I remember sitting in a revival meeting at church as a youngster, when this especially large woman with a full, deep and rich voice belted out this song, “His eye is on the sparrow, and I know He watches me“. By the end, and after multiple verses, she had the congregation nearly in tears, grateful that our Lord is watching out for each of us. But I was thinking about that insignificant sparrow, apparently the songwriter’s example of the lowest life form–if God watches that little brown bird, he surely keeps an eye on Homo sapiens. The LBJ’s (little brown jobs) took it on the chin again; they just don’t get any respect.
One of the ways you can identify a birder as an expert, is the way they handle the sparrows. At first glance they all look alike and the novice birder feels overwhelmed in differentiating their subtle color patterns, shapes, sizes, tail length, etc. When you are birding and come across another birder, they often ask, “have you seen anything interesting?”, meaning a hawk, eagle, colorful warbler, etc. There is one older, gentleman birder I often meet on the trail and he asks, “have you seen any sparrows?” He is the local sparrow expert and relishes these ID challenges.
The English colonists to the New World, used to seeing their House and Eurasian Tree Sparrows of the family Passeridae, started calling the New World LBJ’s “sparrows”, despite obvious differences. Our sparrows are part of the family Emberizidae, and clearly distinct from the finch-like birds of Europe.
Sparrow ID is tough not just because of the bird similarities but also due to their secretive behavior, diving into the shrubs and giving the frustrated birder only a fleeting glimpse. Thats why the sparrow experts say to initially look at behavior, size, shape, tail length, habitat, etc. before the field marks. Luckily during breeding season they tend to perch in the open and sing, creating photographic opportunities but in other seasons its more difficult to get a good look or photo.
My first sighting of a Seaside Sparrow was near Port Mahon on the Delaware shore. A recent article said that was the place to find this bird, actually giving directions to a specific pot-holed road and marsh. I took the 90 minute drive not really expecting much, and my doubts were initially confirmed when I parked the truck and walked the road, swatting mosquitoes. But before leaving I tried using the I-Bird Pro recording–it worked like a charm with birds rising out of the marsh like spontaneous generation. Within seconds several curious birds were posing for great shots, right along the road. http://www.ibird.com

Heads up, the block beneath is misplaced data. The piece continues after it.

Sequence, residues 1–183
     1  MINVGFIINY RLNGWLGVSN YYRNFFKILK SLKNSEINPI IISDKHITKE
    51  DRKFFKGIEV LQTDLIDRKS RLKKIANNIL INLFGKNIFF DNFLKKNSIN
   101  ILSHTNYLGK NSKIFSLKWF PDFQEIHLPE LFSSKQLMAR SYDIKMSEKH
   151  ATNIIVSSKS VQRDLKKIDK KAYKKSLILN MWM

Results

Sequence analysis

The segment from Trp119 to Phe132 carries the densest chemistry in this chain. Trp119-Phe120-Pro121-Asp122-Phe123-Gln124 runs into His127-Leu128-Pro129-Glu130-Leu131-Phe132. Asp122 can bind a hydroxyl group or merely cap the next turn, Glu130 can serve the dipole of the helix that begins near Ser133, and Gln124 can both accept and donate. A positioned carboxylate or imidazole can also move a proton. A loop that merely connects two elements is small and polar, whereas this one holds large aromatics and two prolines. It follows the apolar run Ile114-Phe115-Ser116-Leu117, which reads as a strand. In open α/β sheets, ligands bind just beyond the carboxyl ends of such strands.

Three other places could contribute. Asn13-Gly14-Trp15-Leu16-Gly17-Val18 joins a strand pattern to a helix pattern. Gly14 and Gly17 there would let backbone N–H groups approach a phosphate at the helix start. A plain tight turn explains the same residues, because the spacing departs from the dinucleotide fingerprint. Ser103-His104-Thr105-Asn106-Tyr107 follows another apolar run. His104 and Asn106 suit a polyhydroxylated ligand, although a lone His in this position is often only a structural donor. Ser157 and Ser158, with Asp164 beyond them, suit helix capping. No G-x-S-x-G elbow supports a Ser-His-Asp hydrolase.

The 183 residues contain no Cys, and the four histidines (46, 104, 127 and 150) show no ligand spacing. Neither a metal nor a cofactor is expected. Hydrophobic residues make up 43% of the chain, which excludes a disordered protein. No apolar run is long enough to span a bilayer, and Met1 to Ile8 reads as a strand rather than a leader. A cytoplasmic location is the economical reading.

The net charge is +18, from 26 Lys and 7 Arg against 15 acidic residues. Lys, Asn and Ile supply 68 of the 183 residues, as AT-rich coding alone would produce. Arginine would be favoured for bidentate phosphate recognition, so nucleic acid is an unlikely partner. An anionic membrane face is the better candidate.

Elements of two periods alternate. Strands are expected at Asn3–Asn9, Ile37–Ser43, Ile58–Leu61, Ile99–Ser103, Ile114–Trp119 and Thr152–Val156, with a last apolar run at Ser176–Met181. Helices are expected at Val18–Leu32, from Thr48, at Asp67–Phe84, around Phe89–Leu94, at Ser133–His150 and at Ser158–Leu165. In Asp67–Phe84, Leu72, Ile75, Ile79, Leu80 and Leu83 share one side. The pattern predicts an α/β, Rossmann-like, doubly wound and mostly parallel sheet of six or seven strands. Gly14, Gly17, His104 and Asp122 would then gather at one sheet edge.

An expert suggested that sparrow ID is “easier” if you learn one or two common birds in your area first, and compare new birds to them. For me that would be the Song Sparrow with its streaky feathers, long tail, and breast spot, and the smaller Chipping Sparrow with its plain breast and rufous crown. Both also have distinct songs, usually heard before the birds are seen. I would also add that photo-birding is a big help here. Take a lot of pictures, even if they’re not art shots, and make the ID from your guide books in the comfort of home.
A trip to the Arizona desert yielded the Brewer’s and Black-throated Sparrows for me but the latter’s picture did not make the cut for this post. The White-crowned also seem much more abundant in the West.
Back to the song for those interested. It was written in 1905, with music by Charles Gabriel and lyrics by Civilla Martin. It has become a staple of American gospel music since then and has been recorded by multiple artists including Ethel Waters, Mahalia Jackson, Marvin Gaye, and even Michael Jackson. Whitney Houston’s rendition was released after her untimely death in 2012. Here’s one of the stanzas and the refrain:
“Let not your heart be troubled,” His tender word I hear,
And resting on his goodness, I lose my doubts and fears;
Though by the path He leadeth, but one step I may see;
His eye is on the sparrow, and I know He watches me.
Refrain: I sing because I’m happy
I sing because I’m free,
For His eye is on the sparrow, and I know He watches me.